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In order to tide over temporary liquidity crunch, banks borrow from the Reserve Bank of India (RBI), against government securities. The rate at which the RBI lends money to banks, is known as the repo rate. The RBI reduced its repo rate by 0.25 per cent in its bi-monthly review of monetary policy on February 7, 2019. Following this, SBI reduced its home loan rate by just 0.05 per cent, for loans up to Rs 30 lakhs and that too for new customers, without reducing its MCLR and thus, depriving its existing customers of this benefit, as compared to the 0.25 per cent reduction in repo rate by the RBI.
Methodology used by banks to fix their lending rates
The banks used to lend money benchmarked against a rate known as Retail Prime Lending Rate (RPLR). The actual rate charged to the customer, generally used to be at a discount to this benchmark RPLR. This system was opaque. In order to bring in transparency in the lending rates, the RBI mandated that all the banks will have to lend against an internal rate called ‘base rate’ from July 1, 2011, below which the banks could not lend to even the best customer. This benchmark also did not translate into lower lending rate of the banks, whenever the RBI reduced its repo rate. This used to happen, because the base rate was computed after taking into account the overall cost of borrowing of the banks and would only be impacted marginally, by any reduction in the repo rate.
Hence, the RBI again mandated the banks to benchmark their lending against their marginal cost of borrowings, known as the ‘marginal cost of funds-based lending rate (MCLR)’, with effect from April 1, 2016. Under the MCLR regime the banks have to compute their marginal cost of funds and not the average cost of borrowing, as was done under the base rate regime, for determining the lending rate.
Impact of reduction in repo rate on MCLR
Banks are engaged in the business of lending money and for lending, banks have to mobilise resources. For mobilising resources, banks majorly take money from the public, in the forms of deposits. These deposits may be in various forms, like money kept by you in your savings bank account or current account or even fixed deposits.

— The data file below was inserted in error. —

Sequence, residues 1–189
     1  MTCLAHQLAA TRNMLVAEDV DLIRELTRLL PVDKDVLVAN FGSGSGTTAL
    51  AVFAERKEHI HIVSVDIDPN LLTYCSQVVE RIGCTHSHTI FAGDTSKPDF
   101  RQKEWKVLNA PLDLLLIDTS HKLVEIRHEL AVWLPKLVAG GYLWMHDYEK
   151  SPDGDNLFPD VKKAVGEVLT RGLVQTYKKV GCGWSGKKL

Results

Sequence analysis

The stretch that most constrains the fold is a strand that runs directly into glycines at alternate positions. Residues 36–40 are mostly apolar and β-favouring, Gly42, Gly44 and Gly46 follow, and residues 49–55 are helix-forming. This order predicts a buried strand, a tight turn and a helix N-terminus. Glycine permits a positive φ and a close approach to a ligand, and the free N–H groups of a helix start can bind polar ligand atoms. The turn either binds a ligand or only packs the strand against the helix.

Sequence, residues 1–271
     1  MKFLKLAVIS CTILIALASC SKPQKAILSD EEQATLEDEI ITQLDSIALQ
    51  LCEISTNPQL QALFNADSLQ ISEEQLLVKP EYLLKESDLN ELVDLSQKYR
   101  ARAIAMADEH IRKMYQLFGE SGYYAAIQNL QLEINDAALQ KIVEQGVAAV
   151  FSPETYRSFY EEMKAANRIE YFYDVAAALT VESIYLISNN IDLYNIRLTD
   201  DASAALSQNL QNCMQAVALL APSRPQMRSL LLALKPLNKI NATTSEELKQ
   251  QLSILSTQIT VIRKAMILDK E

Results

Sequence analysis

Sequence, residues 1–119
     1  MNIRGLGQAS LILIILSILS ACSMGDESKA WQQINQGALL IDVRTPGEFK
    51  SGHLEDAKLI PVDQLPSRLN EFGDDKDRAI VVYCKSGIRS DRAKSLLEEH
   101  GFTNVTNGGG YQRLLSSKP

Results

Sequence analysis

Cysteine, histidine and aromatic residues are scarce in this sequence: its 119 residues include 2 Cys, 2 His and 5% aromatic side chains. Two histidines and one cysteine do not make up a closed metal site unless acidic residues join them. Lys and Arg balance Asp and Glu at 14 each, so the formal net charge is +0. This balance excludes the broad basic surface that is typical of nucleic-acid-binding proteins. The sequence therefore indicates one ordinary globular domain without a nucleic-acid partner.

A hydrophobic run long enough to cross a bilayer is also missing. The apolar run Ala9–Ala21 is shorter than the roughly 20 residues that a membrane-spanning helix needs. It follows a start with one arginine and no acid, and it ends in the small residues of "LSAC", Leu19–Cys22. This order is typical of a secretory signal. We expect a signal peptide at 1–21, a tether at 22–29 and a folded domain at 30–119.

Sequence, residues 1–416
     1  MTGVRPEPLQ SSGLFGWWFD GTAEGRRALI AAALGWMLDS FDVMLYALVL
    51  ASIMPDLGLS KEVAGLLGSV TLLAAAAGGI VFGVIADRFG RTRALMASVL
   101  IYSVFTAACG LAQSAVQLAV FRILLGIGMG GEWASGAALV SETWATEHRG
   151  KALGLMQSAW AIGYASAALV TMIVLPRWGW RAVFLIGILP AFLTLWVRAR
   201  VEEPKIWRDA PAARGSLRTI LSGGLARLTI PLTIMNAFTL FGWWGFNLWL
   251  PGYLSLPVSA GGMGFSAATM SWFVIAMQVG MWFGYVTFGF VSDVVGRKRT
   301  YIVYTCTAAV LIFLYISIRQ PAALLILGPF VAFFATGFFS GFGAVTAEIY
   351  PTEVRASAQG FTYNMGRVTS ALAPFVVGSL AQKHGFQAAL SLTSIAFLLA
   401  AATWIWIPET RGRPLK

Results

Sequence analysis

A major chunk of the resources of the banks are in the form of deposits from the public and the overnight borrowing from the RBI at the repo rate, is an insignificant portion of their overall borrowing. The ability of the bank to lend is dependent on the amount of resources available with them, which in turn, will depend on the demand and supply dynamics of money at any given point of time. Immediately after demonetisation, the banks were flush with funds. However, they were not in a position to deploy the money at that time, due to depressed demand for credit from the market. This forced the banks to reduce the rate of interest on their deposits. The situation has changed now.
The money deposited during demonetisation has found its way out, either through cash withdrawals or to other financial assets. Now, the demand for credit is growing at a higher rate than deposits that the banks are able to garner. As per the RBI, which publishes fortnightly data, the growth in deposits was only 9.63 per cent, against a 14.5 per cent growth in the credit, for the fortnight ended February 1, 2019. For the fortnight ended on February 18, 2019, the numbers for deposit growth and credit growth were 9.69 per cent and 14.61 per cent, respectively. With credit growing at a consistently higher pace, than the growth in deposits, it becomes evident that the banks are starved of funds. In such a scenario, it is very difficult for banks to reduce the rate of interest on deposits, which they need desperately. That banks are starved for funds, also becomes evident from the higher rate of interest offered by some of them to their savings bank account customers. Some of them are offering six to seven per cent to their savings bank account customers, against 3.5 to four per cent offered by others.
See also: Home loan interest rates all banks: Interest rate and EMI in top 15 banks
What should home loan borrowers do when banks don’t reduce home loan interest rates?
As most of the home loan borrowers are, presently, under the floating rate regime, any reduction in the MCLR will impact them. Borrowers who have not yet shifted their home loans from the base rate to the MCLR regime, should immediately migrate to the MCLR regime, as inflation is likely to remain low, leaving scope for the RBI to further reduce the repo rate. Any further reduction in the repo rate, will certainly have an impact on the MCLR of the banks, in future. Nevertheless, it will be difficult to quantify the reduction in repo rate that will be necessary for a reduction in the MCLR, because the MCLR is dependent not only on the repo rate but is an interplay of various factors and market dynamics.
However, interest rates will surely not increase soon and borrowers under the MCLR regime will benefit more than those under the base rate regime, as the transmission of rate cuts will be quicker for those under the MCLR. Borrowers under the MCLR regime should stay put with their lenders for the time being, till the market dynamics change and competition among the lenders intensifies.
(The author is a tax and investment expert, with 35 years’ experience)